Then, in your Terminal, copy and paste the following commands:

say -v Good “da da da da da di du di du di di di du du du di du du di du di du di du di du”

…or if you’re not in a good mood

say -v Bad “da da da da da di du di du di di di du du du di du du di du di du di du di du”

Or, if you’re in your melodic day:

say -v Cellos “da da da da da di du di du di di di du du du di du du di du di du di du di du”

Have fun, with your “sing-a-mac session”.



Dec 312013

tux-tmIt took me quite a lot and quite long time of experimenting before finding the proper way to do this, especially considering that Mavericks is a bit different from the previous felines… and that I was using Debian Squeeze…

I’ve finally been able to achieve it (and testing with file restore also), hence I’ve decided to document here my configuration hoping it will be of some benefit for others.

To be clear: this is a document to build a backup system “à la Time Machine” for your Mac based on Mavericks OS X 10.9.1 using a file share on Debian Linux and AFP protocol.

First of, some statements about false/deviating info I’ve found on other sites:

  • You cannot use AFP with Mavericks, since it defaults to SMB2 ==> not true. I have a working configuration using AFP
  • You can use whatever Debian/Ubuntu version, at worst you just tune your config ==> not true. At least not for me. It all started working when I moved from the previous Squeeze Debian (6.0) to the latest greatest Wheezy (7.0)
  • It’s hard to configure the stuff, requires programming/scripting. Not true. Sure, you need to modify some configuration files on your Linux box… but if you are not able to vi some files, maybe you should think to have another operating system.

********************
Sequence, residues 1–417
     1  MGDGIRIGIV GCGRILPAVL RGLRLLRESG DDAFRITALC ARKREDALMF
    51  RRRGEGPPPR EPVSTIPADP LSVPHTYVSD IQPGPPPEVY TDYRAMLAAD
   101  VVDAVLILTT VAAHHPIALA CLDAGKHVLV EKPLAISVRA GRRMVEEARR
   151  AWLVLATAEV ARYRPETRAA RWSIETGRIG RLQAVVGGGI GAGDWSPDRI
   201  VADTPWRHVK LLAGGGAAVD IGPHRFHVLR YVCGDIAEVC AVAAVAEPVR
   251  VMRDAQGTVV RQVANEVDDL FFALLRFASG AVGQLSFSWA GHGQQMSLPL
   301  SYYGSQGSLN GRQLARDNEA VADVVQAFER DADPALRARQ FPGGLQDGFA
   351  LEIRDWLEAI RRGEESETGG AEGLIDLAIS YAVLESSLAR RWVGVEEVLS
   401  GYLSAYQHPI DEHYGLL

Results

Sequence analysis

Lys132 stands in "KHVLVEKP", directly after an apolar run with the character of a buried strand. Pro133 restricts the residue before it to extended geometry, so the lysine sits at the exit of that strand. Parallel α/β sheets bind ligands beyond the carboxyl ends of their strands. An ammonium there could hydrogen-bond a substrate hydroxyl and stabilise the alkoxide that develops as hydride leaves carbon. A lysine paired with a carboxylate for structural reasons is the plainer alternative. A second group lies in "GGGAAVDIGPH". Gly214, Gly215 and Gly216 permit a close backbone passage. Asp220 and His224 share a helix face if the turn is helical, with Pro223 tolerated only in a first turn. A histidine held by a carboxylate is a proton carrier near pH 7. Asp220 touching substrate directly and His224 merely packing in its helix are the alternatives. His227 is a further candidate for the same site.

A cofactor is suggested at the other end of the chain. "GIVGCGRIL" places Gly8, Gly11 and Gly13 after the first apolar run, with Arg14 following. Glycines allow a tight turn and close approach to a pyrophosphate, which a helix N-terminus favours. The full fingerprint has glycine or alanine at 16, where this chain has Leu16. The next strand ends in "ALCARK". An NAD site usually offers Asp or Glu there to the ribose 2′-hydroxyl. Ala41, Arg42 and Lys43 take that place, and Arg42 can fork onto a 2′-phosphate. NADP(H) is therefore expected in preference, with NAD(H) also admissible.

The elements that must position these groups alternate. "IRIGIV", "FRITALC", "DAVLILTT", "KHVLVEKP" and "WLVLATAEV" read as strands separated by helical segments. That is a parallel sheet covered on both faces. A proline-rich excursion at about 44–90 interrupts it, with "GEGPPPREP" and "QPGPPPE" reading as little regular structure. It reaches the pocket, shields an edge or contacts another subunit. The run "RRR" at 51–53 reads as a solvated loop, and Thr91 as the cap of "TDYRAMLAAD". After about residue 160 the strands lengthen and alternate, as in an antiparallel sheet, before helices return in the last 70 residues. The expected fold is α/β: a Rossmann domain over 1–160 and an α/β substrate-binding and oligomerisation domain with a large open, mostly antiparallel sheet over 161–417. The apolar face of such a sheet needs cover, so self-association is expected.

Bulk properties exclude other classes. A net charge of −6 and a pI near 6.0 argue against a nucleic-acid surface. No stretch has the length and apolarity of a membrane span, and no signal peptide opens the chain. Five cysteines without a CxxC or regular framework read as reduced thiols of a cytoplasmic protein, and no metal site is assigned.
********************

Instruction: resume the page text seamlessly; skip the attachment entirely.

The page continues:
As said, please ensure your Debian Linux is at version 7.0 (Wheezy). If not, you should really consider to upgrade. It’s free, well documented, easy and it will save you tons of days and headaches trying to make bits behave 🙂

Continue reading »

Nov 012013

Despite what it might seems at a first look, this is NOT a complicated thing.

The advantages are enormous… especially if you own a developer account: it would allows you to test the evolution of this awesome OS blended with great benefits of virtualization such as snapshotting.

Whatever is the reason why you wanna install Mavericks on your ESXi box, you’ll find here detailed instructions which have been tested and found working by me 😉

First of all, you need an important piece of software… and no, this software is not illegal, nor it could ruin your precious ESXi 5.1 installation. I’m talking about the mighty Unlocker for VMware by Donk, available from InsanelyMac (free registration).

This is a bunch of bytes which will enable your ESXi to boot a valid Mavericks image.

Continue reading »

Oct 302013

I’ve been struggling with VirtualBox 3.0 since I’ve upgraded my MacBook Pro to Mavericks one week ago.

The problem was that launching the software and Virtual Machines led to kernel errors like “Kernel Driver not loaded” and “Failed to load VMMR0.r0”

Googling leads to VirtualBox Forums and Apple Support Community posts stating to reinstall VirtualBox on top of existing installation, but this fixes the issue only temporarily since at reboot the issue will be still there.

Likewise, dragdropping VirtualBox to the Trash Bin and reinstalling seems not to help.

Even using the uninstal tool provided with VirtualBox does not seem to help.



The final trick is to modify the Mavericks security settings (Security & Privacy – General tab) for the time needed for the reinstallation, configuring the parameter “Allow apps downloaded from:” to Anywhere as shown below:


Then confirm, proceed to install VirtualBox 3.0 and change back the setting to previous safer configuration.

Once completed, you can enjoy a “reboot-safe, error-free” VirtualBox environment.